In Chapter 6, “Preparing teachers to respond to student writing,” a list of “Guiding principles” is included (119), as is a “Sample essay feedback checklist” (120), both of which, when used in the context provided by the text, promise to be powerful tools for managing one’s own approach to feedback. Even veteran teachers who know intuitively the principles itemized in these lists might appreciate the convenient reference (a copy of which they might even choose to keep paper-clipped to their bundle of papers-to-be-graded).
Ferris’s experience in training TESOL graduate students to respond to student writing surely makes her one of the most qualified of contemporary scholars on the issue, and in the short sub-section “Preparing teachers to respond to student writing: A training sequence” (131-132) she passes on some of her insight through a series of clear, practical steps. “Guidelines for conducting teacher-student writing conferences,” which appears just afterward (132-134) is another indispensable resource for teachers wishing to apply some of the principles and strategies for response in their own classes. The appendix to Chapter 6 must not be overlooked, either, as it contains helpful teacher resources.
Chapter 7, “Suggestions for error correction,” directly addresses questions as to what kind of error correction should be implemented — advice openly tempered by Ferris’s own predilection toward error correction, in general, and certain types of error correction, in specific. This chapter (along with Chapter 3) shares the most in common with Treatment of Error.
Chapter 8, “Implementing peer response,” includes steps to use to train students for peer response (169), as well as guidance on forming student pairs for response sessions, providing structure during the sessions, and monitoring the sessions. A key inclusion here is advice on making students take responsibility for the peer response process.
My single complaint about these three practical-minded chapters is that they just are not long enough. That is not to say that they are not comprehensive, but that even more detailed advice might prove helpful. Certainly, anecdotal accounts of successes or alternative approaches regarding the advice offered here could have contextualized the prescribed methods to let readers understand the basis for their inclusion. [-2-]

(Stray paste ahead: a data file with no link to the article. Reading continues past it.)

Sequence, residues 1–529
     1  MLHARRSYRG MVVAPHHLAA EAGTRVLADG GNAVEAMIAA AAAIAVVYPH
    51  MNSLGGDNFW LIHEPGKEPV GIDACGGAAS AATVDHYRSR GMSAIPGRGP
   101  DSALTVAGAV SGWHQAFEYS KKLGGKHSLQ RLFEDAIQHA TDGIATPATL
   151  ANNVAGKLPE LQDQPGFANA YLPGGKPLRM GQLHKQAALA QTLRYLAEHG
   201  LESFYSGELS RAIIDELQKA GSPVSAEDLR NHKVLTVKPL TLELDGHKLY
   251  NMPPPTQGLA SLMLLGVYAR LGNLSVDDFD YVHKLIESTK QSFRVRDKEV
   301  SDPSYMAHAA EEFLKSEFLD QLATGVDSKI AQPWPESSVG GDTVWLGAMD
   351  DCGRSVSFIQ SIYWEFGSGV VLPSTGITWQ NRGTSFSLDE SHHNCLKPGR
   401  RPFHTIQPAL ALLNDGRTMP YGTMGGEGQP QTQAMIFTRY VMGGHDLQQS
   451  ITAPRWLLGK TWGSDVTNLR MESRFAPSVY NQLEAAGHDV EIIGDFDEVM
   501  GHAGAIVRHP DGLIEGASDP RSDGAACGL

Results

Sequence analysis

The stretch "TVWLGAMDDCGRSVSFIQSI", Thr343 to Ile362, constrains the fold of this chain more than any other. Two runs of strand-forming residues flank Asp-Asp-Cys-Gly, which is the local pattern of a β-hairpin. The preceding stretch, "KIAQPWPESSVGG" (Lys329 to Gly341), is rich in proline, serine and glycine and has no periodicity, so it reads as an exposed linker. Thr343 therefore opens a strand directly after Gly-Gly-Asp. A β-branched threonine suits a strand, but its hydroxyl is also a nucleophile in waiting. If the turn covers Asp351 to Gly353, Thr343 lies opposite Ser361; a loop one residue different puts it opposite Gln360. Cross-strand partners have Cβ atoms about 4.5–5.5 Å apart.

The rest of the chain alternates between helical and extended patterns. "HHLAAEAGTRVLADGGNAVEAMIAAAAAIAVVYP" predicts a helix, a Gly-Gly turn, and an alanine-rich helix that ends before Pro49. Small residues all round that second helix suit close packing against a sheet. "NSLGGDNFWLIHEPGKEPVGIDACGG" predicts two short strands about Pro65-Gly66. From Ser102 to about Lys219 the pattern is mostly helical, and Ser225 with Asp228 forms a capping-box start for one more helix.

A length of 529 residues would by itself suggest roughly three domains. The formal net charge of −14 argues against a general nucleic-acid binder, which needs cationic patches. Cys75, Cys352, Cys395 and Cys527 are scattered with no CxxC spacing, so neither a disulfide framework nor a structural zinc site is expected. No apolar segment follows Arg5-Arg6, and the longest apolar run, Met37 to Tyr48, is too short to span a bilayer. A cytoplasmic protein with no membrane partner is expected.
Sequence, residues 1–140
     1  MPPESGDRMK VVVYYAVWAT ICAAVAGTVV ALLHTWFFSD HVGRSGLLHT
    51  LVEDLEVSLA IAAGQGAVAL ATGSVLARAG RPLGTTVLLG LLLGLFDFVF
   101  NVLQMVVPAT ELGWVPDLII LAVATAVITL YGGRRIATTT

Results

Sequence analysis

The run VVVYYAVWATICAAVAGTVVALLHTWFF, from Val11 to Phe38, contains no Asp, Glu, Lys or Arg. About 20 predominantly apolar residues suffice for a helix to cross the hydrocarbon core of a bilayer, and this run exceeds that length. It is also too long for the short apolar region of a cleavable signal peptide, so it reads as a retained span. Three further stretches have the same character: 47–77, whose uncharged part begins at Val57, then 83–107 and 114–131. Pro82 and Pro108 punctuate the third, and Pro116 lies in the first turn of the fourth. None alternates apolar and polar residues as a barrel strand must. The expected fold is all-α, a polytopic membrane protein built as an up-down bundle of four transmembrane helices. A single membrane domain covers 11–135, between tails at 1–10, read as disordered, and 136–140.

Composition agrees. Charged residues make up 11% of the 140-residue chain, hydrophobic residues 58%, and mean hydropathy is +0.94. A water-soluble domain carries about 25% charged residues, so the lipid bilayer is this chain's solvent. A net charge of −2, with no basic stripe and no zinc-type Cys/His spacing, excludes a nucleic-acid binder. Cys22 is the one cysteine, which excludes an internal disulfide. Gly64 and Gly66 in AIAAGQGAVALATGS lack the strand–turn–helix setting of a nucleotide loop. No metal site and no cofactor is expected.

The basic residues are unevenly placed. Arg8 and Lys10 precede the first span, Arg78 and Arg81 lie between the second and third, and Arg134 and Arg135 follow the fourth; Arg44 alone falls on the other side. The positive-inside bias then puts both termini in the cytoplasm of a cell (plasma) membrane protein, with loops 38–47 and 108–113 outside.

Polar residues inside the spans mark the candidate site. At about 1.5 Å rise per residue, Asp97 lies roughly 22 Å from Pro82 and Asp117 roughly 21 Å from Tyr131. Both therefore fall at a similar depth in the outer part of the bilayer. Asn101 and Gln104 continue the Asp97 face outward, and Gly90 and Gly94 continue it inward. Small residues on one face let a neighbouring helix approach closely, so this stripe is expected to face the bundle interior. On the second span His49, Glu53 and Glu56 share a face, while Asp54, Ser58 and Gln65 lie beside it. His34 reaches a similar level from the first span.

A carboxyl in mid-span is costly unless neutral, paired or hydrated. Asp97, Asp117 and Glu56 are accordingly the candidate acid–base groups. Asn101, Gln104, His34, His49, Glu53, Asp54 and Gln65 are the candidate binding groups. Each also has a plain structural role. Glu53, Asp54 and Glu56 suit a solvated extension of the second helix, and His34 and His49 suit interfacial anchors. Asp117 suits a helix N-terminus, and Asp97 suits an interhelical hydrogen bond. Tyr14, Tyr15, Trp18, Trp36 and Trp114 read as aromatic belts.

Second language writing studies are clearly at a point when an inventory of the past needs to be taken. The past few decades have produced a plethora of informative observations on response to L2 writing, and the present seems like the ideal moment to compile those perspectives into a convenient volume. For all the strengths that collections like Cooper and Odell’s Evaluating writing or Tchudi’s Alternatives to grading student writing hold due to the diverse experiences and perspectives of the various authors, Response to Student Writing clearly owes much of its strength to being written by a single author. And while texts like Assessing second language writing in academic contexts, edited by Liz Hamps-Lyons, offer a fabulous spectrum of assessment-related topics, Response to Student Writing goes into great depth and breadth of issues keenly relevant to the writing classroom.
I plan to keep my copy of Response to Student Writing on a handy bookshelf somewhere between Lindemann’s A Rhetoric for Writing Teachers and Shaughnessy’s Errors and Expectations. I’ll put it to good use when designing writing classes, contemplating my own response strategies, and writing articles related to response to writing. And, whenever a colleague asks if I know any good books on response to student writing, I will recommend this volume wholeheartedly.
International Graduate School of English